Worryingly, there is clearly a stigma associated with being made redundant, with 8% of those questioned responding that they would keep the loss of their job a secret even from loved ones; meanwhile, nearly half of those questioned said they would only discuss having been made redundant with their nearest and dearest.
One of the ramifications of this silence around the subject of redundancy is that the processes and procedures remain a mystery to most of us. 63% of the respondents in the recent survey confessed that they had no understanding of the redundancy process, while 79% said they were unaware of the financial help they could be entitled to if they were made redundant.
Amongst the reasons people gave for keeping their redundancy a secret were embarrassment, fear of judgement, and protecting their privacy.
The fear around redundancy centres on two factors: firstly, how long we could survive without work, and secondly, how long it would take to find new employment. 62% said they thought they could survive between one and six months, with most people saying that three to four months was the most realistic estimate of how long they could get by without a regular income.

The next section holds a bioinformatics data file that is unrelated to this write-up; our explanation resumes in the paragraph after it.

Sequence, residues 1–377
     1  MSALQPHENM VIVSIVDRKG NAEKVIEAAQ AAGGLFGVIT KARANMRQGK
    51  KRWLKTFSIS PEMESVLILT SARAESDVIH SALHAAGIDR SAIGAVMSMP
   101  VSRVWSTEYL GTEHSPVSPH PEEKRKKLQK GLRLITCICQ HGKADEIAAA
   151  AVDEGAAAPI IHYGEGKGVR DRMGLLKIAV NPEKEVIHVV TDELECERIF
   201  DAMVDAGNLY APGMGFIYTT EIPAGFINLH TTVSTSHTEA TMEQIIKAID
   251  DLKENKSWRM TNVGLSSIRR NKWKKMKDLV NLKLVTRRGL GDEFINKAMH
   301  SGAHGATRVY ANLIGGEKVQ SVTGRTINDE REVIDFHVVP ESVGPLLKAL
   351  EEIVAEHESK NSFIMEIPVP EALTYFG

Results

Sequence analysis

36% of the respondents felt that they could survive for more than six months, although whether this is related to how much of a pay-off they expected to receive is unclear. Just 2% felt they could survive less than one month, which indicates that most people have some faith in their employers to fairly compensate them for their loss of earnings.
The other factor underlying the widespread unease about redundancy is the length of time it might take to find new employment. Around one-third of the respondents thought it would only take them one or two months to get a new job, while 74% felt it may take up to six months. Sadly, 6% felt that they would never find work again.
The survey was commissioned by ScotCareers, the job site for Media Scotland. Mike Hartley, the commercial director, explained that the research was undertaken to understand people’s issues around the subject of redundancy and to gain an understanding of the questions people want answered. The research will be used to help tailor solutions that will help people to navigate the post-redundancy minefield, ensuring that they receive all the help and support necessary to secure themselves and their families.
It is also essential that people who have been made redundant receive the right kind of assistance in seeking new work and that recruitment staff are trained to understand the realities of redundancy. This includes the real reasons it happens, which often have little or no relation to actual job performance; instead, they are frequently a consequence of what Hartley terms ‘industrial volatility’.
An awareness of the stigmas associated with redundancy should help HR and recruitment staff to cut through some of the prejudice that surrounds it and to boost the confidence of those who have experienced it.
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